If, and when, this biological basis for human sexual behaviors becomes more accepted scientific "fact" in the future years, the Roman Catholic Church is going to have to look very hard at our current "constructs" in moral theology and reassess some of our basic "statements" which have been codified and accepted without question for many years, if not centuries in some cases. But my point is not one in the area of moral theology; my point is that if there is a biological contribution to the behaviors, such as pedophilia, there is likely to follow biological "helps" to these persons and hope for better treatment modalities can be envisioned. This is already the case in the use of medroxyprogesterone (Depo-Provera) which is a drug which has brought new hope to this area of treatment in psychiatry and something that will be discussed in depth in another section of this document.

Finally, I would like to make a point about the "behaviors" that present as pedophilia or present as illegal behaviors to minors on the part of clerics. Obviously, performing oral sex (fellatio) on a minor or child or having anal intercourse with a male child or vaginal intercourse with a female child are sexual acts that fall in the category of pedophilia or sexual molestation of minors.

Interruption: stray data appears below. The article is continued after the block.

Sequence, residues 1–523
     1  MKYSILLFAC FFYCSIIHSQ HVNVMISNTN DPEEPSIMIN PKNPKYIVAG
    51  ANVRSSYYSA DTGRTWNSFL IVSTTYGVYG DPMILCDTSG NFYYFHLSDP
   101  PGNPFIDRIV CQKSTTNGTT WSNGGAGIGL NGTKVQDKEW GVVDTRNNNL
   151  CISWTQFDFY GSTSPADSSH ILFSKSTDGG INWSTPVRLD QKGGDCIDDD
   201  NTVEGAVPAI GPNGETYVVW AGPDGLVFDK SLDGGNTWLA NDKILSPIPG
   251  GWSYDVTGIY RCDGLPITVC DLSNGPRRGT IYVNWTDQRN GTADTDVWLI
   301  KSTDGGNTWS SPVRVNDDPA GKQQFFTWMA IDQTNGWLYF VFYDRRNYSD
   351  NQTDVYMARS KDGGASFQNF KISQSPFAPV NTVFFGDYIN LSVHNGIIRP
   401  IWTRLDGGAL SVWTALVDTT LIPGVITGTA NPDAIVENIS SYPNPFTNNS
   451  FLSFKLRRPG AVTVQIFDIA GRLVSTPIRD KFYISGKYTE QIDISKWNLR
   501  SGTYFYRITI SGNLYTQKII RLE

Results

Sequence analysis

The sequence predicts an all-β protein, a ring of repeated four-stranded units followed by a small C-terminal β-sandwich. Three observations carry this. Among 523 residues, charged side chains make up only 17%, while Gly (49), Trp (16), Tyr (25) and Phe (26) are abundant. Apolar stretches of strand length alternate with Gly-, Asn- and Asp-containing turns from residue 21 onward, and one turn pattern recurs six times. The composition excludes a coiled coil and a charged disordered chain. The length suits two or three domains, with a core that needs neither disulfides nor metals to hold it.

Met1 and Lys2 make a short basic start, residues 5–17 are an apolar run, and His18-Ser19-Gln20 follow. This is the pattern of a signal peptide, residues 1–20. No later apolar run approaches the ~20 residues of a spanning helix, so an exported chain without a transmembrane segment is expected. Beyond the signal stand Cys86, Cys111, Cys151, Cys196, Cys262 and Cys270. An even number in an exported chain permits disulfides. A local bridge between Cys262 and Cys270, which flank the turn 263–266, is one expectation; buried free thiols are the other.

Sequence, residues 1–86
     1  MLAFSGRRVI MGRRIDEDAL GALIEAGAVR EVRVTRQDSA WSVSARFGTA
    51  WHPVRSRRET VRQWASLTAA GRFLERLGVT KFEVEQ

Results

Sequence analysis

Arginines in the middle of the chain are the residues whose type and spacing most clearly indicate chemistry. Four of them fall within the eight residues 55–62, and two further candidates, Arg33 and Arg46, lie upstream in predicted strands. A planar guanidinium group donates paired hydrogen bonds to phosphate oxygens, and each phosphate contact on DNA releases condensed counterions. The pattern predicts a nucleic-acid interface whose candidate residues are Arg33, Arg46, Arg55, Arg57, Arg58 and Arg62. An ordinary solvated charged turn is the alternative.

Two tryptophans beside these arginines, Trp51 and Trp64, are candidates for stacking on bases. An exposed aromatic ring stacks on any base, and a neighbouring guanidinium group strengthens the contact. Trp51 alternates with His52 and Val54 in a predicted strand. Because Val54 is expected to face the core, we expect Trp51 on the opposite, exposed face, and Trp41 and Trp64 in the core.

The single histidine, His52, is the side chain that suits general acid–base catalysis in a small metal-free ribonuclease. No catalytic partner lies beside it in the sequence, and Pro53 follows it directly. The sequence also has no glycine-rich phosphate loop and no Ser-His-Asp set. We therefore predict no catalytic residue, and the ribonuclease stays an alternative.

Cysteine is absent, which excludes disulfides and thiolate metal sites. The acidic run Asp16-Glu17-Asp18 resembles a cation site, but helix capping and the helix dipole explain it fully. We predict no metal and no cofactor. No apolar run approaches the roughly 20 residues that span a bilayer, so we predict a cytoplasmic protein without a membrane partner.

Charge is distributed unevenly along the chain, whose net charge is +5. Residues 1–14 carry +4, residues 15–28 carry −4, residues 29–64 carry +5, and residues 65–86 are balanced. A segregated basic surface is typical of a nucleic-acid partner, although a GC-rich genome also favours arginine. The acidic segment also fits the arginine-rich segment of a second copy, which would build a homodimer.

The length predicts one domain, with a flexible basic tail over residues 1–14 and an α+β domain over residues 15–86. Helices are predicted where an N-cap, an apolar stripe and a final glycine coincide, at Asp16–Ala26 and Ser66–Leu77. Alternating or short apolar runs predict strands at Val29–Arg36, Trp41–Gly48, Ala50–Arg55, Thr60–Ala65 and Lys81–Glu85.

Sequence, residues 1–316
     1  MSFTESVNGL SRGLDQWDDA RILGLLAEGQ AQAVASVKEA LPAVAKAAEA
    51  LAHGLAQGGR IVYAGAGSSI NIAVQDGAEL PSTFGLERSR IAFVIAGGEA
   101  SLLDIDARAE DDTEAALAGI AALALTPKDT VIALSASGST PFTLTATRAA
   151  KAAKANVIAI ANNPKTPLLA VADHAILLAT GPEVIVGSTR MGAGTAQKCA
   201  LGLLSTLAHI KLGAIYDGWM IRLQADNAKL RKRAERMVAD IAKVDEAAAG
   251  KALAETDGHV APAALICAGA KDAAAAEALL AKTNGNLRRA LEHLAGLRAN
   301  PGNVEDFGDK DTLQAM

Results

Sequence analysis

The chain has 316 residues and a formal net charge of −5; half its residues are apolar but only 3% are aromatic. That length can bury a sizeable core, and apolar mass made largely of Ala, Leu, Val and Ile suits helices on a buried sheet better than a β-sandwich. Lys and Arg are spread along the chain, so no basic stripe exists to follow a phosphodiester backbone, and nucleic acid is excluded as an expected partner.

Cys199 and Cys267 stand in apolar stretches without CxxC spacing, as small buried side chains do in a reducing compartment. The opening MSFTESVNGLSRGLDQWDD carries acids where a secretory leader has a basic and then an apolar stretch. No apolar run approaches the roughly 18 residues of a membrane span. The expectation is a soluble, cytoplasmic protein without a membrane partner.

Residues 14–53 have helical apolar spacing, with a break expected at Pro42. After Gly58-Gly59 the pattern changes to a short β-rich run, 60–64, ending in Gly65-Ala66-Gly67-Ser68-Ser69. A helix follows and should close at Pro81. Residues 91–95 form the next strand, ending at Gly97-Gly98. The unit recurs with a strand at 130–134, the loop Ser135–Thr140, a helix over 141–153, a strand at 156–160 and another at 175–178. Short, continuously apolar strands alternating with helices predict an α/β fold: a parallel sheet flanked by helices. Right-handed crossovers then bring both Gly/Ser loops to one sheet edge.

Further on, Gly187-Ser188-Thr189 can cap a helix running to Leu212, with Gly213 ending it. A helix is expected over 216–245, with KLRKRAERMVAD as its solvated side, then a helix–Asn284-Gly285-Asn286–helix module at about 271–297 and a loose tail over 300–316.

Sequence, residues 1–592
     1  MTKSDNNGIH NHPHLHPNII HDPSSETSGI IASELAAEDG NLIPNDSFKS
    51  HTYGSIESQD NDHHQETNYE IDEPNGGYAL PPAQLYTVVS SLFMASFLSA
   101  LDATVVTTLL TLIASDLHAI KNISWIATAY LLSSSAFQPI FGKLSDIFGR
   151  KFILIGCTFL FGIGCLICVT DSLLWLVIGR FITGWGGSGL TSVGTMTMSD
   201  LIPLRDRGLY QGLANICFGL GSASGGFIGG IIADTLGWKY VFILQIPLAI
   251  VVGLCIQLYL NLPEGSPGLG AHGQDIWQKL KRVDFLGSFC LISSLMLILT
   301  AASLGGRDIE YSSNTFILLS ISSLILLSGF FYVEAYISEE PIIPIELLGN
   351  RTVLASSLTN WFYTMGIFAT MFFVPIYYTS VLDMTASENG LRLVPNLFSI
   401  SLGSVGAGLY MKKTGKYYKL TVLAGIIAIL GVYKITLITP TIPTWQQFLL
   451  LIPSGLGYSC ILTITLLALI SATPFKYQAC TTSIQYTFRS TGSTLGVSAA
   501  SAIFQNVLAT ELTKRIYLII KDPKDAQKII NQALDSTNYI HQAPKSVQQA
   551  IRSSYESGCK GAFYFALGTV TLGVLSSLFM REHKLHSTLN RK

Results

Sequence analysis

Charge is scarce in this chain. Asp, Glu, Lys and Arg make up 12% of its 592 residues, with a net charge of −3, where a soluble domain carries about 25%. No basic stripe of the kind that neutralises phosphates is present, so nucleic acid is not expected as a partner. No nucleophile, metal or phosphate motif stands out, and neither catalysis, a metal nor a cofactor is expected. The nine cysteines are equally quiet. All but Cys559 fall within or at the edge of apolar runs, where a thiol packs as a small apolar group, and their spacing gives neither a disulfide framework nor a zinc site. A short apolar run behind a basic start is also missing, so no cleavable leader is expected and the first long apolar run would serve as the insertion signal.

However, in my clinical experience, this is not the usual presentation of pedophilia or sexual molestation of adolescents. Some of the following would be examples that may surprise you:

(a) A cleric who touches the toes of a minor with a Q-Tip, explaining to the young child that it is a scientific experiment, while sexually excited by this, constitutes an unusual presentation of pedophilia.

(b) A cleric who has young children act in plays with their shirts off and playing ostensibly "games", touching the child's chest only or hair may be a presenting form of pedophilia.

(c) A cleric who sleeps in the same bed with a child without touching the genitals but just holding the child in an affectionate manner is a common presenting form of pedophilia.

(d) A cleric who touches the hair, chest, buttocks of a sleeping child without the child awakening ever or responding sexually in return or ever being aware of the touching could be a common presenting form of pedophilia. [page 6 of this section begins]

These four unusual examples would represent only the "surface issues" for these clerics in terms of their sexual proclivities or psychiatric disease. It takes a psychiatrist or psychologist with great skill and patience to be able to obtain from such persons the "real story" of their preference for children or adolescents. This disorder may begin at any time in adulthood; most frequently it begins in middle age. In my experience, most of the pedophiliac clerics I have seen and my colleagues have dealt with are homosexual pedophiles and not heterosexual pedophiles; this is surprising since the greater percentage in the general population is the opposite.

As will be discussed later, the recidivism (relapse) rate for pedophilia is second only to exhibitionism, particularly for homosexual pedophilia. This is whether the person has received "traditional psychiatric treatment" or not.

(3) Exhibitionism